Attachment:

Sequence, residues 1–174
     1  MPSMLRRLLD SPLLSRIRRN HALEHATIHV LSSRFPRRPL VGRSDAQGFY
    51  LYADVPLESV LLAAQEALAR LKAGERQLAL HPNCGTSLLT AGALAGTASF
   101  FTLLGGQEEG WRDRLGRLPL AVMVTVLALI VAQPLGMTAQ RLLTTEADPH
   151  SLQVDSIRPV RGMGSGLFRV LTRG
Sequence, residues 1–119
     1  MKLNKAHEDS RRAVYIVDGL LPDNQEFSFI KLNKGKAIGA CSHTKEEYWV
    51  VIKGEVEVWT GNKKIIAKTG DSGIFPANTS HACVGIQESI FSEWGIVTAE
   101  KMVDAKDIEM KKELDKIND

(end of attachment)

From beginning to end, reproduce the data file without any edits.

Sequence, residues 1–174
     1  MPSMLRRLLD SPLLSRIRRN HALEHATIHV LSSRFPRRPL VGRSDAQGFY
    51  LYADVPLESV LLAAQEALAR LKAGERQLAL HPNCGTSLLT AGALAGTASF
   101  FTLLGGQEEG WRDRLGRLPL AVMVTVLALI VAQPLGMTAQ RLLTTEADPH
   151  SLQVDSIRPV RGMGSGLFRV LTRG
Sequence, residues 1–119
     1  MKLNKAHEDS RRAVYIVDGL LPDNQEFSFI KLNKGKAIGA CSHTKEEYWV
    51  VIKGEVEVWT GNKKIIAKTG DSGIFPANTS HACVGIQESI FSEWGIVTAE
   101  KMVDAKDIEM KKELDKIND